June 16, 2015
Key it on Google or Bing, I’m sure would give us hundreds of definitions and jargons. But if we go by “old and outdated style”, i.e., think on our own, then waste is “something without a value “, “useless commodity” (with just the material meaning!) would be something that would immediately come to our mind.
The Japanese popularly call waste as “discarded materials that cannot be sold to other people “. Some of the educated technical definitions include: material discharged to, deposited in, or emitted to an environment in a manner that causes a harmful change. More technical we get, more complicated the definitions become. Nonetheless, a waste is a waste! What we see in our house, what we see in our street and what we see in our city.
So what? After all it’s just a waste, what’s the big deal?!
Exactly, no big deal. Except that improper management of waste can increase the global warming about 21 times more! About 20,000 tonnes of pollutants including carbon monoxide, nitrogen oxide and sulphur di oxide enter the atmosphere every year from the improperly managed waste alone, from an average Indian metropolitan city.
About 34 different human diseases ranging from common parasitic infections to fatal carcinomas are direct implications of improper waste management. Adding to that, the bad taste, foul smell and the complete lack of aesthetic sense, we have a voluminous package of junk on which we breathe, laugh, eat, play and work. The junk on which our house, city, society and country are assessed and looked down upon by the people of other nations. A museum guide in Tokyo once remarked “India is a place where cows and men shit and pee together in the middle of the road”, when asked what he knew about India. Disheartening isn’t it!
Oh God! Now it really looks like a big deal. But isn’t the government there for that?
Yes, of course. Solid waste management is one of the primary functions of any local body, which performs a wide array of functions ranging from collection of waste, transportation, segregation and processing. In a city like Coimbatore, on an average the urban local body is collecting 850 million tonnes of waste per day. Thousands of sanitary workers are toiling night and day to keep the city as clean as possible. But what is our contribution as the honourable citizen of this great country? Don’t we have a role in the development of our city? How much care do we take to clean our houses, vehicles and properties – shouldn’t we extend the same care to public properties? Do we spit paan and Gutkhas on our house walls, do we spoil our house floor? Countries like Singapore and Japan have achieved sanitation levels of today not just because of active state interventions but also due to the active public interventions of which the attitudinal change of the individual is the prime reason.
Yeah dude, I see some sense there . I’m ready to change my attitude, what do I do now?
If the question “I’m ready to contribute, what can I do now “arises, then by now I’m sure we are well on our way towards the “responsible citizen” tag. Well, needless to say, contribution always begins from home. Roughly the dust bin from which a sanitary worker collects wastes from our houses contains organic wastes, which is vegetable, fruits, food wastes, paper based wastes, plastics, metals, carry bags, bottles, hazardous waste and inert wastes in the order of quantity.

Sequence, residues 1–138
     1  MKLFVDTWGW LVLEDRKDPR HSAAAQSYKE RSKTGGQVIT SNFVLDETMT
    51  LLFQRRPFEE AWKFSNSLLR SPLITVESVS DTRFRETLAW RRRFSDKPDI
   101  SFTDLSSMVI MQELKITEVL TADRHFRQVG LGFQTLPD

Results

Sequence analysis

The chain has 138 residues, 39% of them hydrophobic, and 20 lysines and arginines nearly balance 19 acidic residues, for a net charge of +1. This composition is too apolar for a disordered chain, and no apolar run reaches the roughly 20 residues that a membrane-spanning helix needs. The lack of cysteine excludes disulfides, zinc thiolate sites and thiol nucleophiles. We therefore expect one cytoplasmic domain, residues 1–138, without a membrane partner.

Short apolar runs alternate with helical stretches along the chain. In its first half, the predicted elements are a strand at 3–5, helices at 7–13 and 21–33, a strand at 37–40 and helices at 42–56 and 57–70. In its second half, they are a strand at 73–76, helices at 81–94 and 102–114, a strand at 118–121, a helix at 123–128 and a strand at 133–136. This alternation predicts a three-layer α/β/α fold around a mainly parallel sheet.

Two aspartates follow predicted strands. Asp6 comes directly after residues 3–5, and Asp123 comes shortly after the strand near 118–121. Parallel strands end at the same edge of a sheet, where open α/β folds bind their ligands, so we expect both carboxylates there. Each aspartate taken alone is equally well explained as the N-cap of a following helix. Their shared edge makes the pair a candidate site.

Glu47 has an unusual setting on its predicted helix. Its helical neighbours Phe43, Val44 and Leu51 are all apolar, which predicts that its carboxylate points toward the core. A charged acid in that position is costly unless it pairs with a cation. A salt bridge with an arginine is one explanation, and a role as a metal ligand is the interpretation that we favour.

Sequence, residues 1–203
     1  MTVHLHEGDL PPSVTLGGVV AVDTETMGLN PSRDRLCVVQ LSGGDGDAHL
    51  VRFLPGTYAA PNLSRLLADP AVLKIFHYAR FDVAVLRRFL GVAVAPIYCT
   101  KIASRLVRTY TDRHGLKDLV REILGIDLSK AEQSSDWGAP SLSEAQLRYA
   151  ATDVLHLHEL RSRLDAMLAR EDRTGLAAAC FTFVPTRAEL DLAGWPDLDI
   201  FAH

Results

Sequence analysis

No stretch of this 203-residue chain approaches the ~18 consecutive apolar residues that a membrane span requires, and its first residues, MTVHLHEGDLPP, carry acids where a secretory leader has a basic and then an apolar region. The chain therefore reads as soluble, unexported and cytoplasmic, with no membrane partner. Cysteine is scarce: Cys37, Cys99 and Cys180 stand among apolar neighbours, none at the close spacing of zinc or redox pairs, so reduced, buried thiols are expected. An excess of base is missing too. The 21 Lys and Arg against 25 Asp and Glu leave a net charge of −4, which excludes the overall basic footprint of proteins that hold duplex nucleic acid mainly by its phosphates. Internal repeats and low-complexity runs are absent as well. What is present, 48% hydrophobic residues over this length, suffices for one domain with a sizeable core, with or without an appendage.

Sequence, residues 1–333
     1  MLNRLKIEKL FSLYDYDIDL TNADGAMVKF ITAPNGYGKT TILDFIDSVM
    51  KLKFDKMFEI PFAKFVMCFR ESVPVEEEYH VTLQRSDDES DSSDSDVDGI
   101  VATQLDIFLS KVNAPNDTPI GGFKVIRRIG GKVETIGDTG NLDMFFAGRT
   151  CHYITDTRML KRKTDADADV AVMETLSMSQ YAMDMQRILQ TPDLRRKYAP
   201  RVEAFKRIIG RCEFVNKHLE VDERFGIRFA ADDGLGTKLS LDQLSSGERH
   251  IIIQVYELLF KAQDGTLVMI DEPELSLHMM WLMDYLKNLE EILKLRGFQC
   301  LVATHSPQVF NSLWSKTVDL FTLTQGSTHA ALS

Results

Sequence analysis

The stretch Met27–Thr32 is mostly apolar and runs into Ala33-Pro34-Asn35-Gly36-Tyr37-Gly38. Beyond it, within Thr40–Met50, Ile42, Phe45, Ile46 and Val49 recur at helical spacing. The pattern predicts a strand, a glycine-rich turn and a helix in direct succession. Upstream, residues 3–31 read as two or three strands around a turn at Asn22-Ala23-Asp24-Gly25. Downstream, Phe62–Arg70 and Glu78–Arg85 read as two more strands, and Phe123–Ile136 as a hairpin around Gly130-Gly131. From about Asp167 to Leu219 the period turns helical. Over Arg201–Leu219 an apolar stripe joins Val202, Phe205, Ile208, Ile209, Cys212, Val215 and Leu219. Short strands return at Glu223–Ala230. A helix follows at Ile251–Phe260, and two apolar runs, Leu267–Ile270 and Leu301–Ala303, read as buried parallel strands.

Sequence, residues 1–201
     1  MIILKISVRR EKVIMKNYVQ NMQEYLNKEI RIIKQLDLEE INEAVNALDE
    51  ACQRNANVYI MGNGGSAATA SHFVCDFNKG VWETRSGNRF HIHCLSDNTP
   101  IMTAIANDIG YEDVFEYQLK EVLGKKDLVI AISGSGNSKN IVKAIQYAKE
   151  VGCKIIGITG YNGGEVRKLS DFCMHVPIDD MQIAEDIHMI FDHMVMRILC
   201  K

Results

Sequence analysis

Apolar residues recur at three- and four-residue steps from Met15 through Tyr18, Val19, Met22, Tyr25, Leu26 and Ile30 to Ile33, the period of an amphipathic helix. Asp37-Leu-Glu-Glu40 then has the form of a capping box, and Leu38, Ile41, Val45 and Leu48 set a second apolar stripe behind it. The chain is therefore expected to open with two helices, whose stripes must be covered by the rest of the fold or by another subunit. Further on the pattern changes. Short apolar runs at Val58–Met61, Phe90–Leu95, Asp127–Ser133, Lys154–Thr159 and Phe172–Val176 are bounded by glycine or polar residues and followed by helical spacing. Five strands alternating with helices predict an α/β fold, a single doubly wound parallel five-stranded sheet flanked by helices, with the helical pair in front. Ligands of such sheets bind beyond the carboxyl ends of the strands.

We can broadly classify all these wastes into organic and inorganic wastes. Roughly our organic wastes contribute about 70 per cent of the total wastes in an average street dust bin. The dynamics of solid waste management works out in such a manner that the organic wastes can be recycled into useful products like compost, soil augmentations and even energy – electricity to put it simpler.
The other 30 % of our dustbin waste that is plastics, metals constitute the inorganic waste which are disposed off using various methods including incinerators, landfills etc. Thus 70 % of our wastes are not wastes in real term but resources! Resources that could enrich our soil for better agriculture, resources that could give us electricity, resources that could give us manures.
Wow! That’s pretty cool but doesn’t quite answer the question, what can I do?
By the time the sanitary worker comes and collects the waste from dust bin, it’s all mixed up. We can therefore, before throwing away the litter, sit and segregate in the house into organic and inorganic wastes, then hand it over to the sanitary worker.
It may take some time getting used to it but if done on a large scale, then the front end of an effective solid waste management is pretty much taken care of. The back end however which is processing the waste and taking it to the end stage be it composting of organic waste or incineration or landfill of inorganic waste will be done by the government.
As the next step, in future we can even provide value additions to the back end by adopting composting methods on a smaller scale.
True! Front end by the citizens, back end by the government – simple but effective! Will this alone solve everything? No, but this, coupled with other attitudinal changes like putting an end to littering in public places, avoiding use of plastics and keeping public places and properties clean will definitely change our cities for good. Development is after all driven by the citizen, facilitated and augmented by the government!
(Authored by Dr. K. Vijayakarthikeyan IAS, Coimbatore Corporation Commissioner)